# MEXTRAM Bipolar

Implementation in SmartSpice

Introduction

The **MEXTRAM** bipolar transistor model was developed by Philips
Electronics N.V. and released into the public domain in 1994.[1,2]
A subsequent release of the model equations (Version 503.2) has
been recently incorporated into **SmartSpice** and can be accessed
by setting the **LEVEL** parameter on the **BJT** model
card to 503. This new version has an improved description of the
Early voltage and cut-off frequency (ft) characteristics compared
to the previous version[3]. This was obtained by adding an extra
collector charge to account for the collector transit time when
the transistor enters quasi-saturation. These enhancements have
been achieved without adding to the number of model parameters.
This allows parameter sets developed for use with the previous
version of **MEXTRAM** to be used without modification.[4]

Description

The **MEXTRAM** model is a strongly physics based model, which
has been developed to address many of the shortcomings of the
Gummel-Poon model (also available in SmartSpice). These shortcomings
include :

- Constant bias independent Early voltages
- Poor modeling of substrate effects
- No modeling of avalanche effects
- Poor geometry and temperature scaling
- Inadequate modeling of high frequency effects
- Weak quasi-saturation modeling

The **MEXTRAM** model has been developed to be a more physical
model than the Gummel-Poon model. The model equations are more
complex and as a result the model will execute typically 2-3 slower
than the Gummel-Poon model. The model uses 39 current and charge
modeling parameters and 13 temperature model parameters. A schematic
representation of the model is shown in Figure 1.

The effects modeled by **MEXTRAM** include :

- Variation in base resistance due to emitter current crowding and conductivity modulation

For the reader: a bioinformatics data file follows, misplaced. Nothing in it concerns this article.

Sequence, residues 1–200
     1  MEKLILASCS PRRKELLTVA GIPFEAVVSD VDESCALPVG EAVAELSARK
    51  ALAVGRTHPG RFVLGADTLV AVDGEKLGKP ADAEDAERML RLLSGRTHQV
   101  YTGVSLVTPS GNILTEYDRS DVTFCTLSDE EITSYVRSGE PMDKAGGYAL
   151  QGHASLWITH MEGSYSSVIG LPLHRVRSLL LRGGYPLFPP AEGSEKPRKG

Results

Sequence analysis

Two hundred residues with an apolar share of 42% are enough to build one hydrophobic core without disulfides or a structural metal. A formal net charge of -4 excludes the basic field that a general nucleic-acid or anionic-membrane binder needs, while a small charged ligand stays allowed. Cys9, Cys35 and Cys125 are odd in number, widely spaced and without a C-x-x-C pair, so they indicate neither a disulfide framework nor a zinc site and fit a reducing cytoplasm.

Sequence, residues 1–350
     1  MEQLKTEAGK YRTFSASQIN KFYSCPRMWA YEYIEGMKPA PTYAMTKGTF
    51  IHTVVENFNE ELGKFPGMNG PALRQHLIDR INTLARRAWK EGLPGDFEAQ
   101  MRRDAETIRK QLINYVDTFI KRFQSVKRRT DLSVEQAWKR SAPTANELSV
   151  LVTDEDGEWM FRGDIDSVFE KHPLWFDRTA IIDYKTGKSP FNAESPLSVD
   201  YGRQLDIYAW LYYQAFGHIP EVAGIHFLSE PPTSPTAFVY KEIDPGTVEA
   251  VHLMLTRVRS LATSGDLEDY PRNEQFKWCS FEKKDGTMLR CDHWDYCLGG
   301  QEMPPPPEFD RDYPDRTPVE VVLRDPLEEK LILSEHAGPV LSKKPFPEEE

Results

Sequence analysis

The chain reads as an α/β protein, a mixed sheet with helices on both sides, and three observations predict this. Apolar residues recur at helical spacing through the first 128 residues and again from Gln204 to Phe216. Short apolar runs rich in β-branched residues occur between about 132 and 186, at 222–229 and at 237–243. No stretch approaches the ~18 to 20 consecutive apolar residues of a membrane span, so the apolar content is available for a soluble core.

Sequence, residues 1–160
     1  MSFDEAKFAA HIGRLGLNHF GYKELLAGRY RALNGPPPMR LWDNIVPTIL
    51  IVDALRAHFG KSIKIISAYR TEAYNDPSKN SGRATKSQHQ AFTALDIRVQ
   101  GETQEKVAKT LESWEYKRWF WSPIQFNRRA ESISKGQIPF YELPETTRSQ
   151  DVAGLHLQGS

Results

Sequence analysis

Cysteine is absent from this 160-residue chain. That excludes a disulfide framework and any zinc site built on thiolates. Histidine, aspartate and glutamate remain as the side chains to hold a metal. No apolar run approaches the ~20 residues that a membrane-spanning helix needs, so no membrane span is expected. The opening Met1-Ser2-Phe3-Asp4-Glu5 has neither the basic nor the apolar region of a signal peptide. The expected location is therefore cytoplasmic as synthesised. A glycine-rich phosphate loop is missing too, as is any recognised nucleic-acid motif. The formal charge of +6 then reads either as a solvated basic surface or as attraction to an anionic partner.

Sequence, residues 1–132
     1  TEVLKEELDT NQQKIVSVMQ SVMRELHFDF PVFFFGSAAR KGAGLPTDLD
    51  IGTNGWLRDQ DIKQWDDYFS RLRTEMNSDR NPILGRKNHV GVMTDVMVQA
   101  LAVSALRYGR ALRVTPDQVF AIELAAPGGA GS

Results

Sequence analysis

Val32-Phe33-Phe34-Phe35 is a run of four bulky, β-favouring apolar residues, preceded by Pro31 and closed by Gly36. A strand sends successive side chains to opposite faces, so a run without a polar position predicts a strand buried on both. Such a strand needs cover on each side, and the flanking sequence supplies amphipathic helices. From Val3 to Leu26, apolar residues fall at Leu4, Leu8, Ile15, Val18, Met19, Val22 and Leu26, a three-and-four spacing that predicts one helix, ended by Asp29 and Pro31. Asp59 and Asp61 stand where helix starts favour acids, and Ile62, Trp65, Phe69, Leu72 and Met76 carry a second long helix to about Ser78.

- Monotonic bias-dependent forward and reverse Early effects
- Built-in electric field in the base region

Figure 1. Equivalent circuit diagram for the MEXTRAM
model.

- Monotonic Early voltages and ft behavior for lightly doped epilayer devices
- First order approximation of high frequency effects in the intrinsic base (high frequency current crowding and excess phase shift)
- Physical formulation of collector epilayer resistance including hot carrier behavior and current spreading
- High injection effects in the base
- Substrate effects including parasitic
**PNP** - Weak avalanche effects
- Hard and quasi-saturation

In order to simplify the model and reduce compute time, some effects
are optional and can be switched off if the appropriate flags
are specified in the `.MODEL card.`

These effects and
the corresponding flags are

- Extended modeling of the reverse behavior
**(EXMOD)** - Increase in avalanche current when the current density in
the epilayer exceeds the

doping level**(EXAVL)** - Distributed high frequency effects
**(EXPHI)**

Validation

To validate the implementation of the **MEXTRAM **model within
SmartSpice, simulation results were compared with results obtained
from the **PSTAR** simulator. **PSTAR** is Philips own in-house
simulator and it contains the latest version of the model.**
DC, AC** and transient tests were performed and the differences
between both sets of results were negligible and can be attributes
to differences between simulation approaches and numerical methods
used within the simulators.

Example

Avalanche Multiplication

Due to the high electric field in the space-charge region, avalanche
currents are generated. At low current levels, (Ic1c2 < Ihc)
the generation of avalanche current is a function of the electric
field at the internal base-collector junction. As an optional
feature, activated using the **EXAVL** model parameter, the
model is extended for current levels exceeding Ihc. The plots
shown in Figures 2 and 3 illustrate the effect that the extended
model has upon the collector current. This is known as snap-back
behavior.

References

* [1] `Nat. lab Unclassified Report No. 006/94,
the Mextram bipolar Transistor Model (Level S03.2).*'
H.C. de Graff, W.J. Kloosterman.

* [2] `Compact Transistor Modeling for Circuit
Design. *' H.C. de Graff, F.M. Klaassen

*.*

* [3] `HF Silicon ICs for Wide-Band communications
Systems,' PhD Thesis, *L. de Vreede, Tu Delft, June
1996.

* [4] `Modeling Bipolar Devices Using the Mextram
Model,' Simulation Standard Vol 6, No 7,* July 1995.

Figure 2. PSTAR output illustrating compatibility between
SmartSpice and PSTAR implementation.

Figure 3. SmartSpice plot of collector current vs Vce illustrating the effect of the EXAUL model parameters.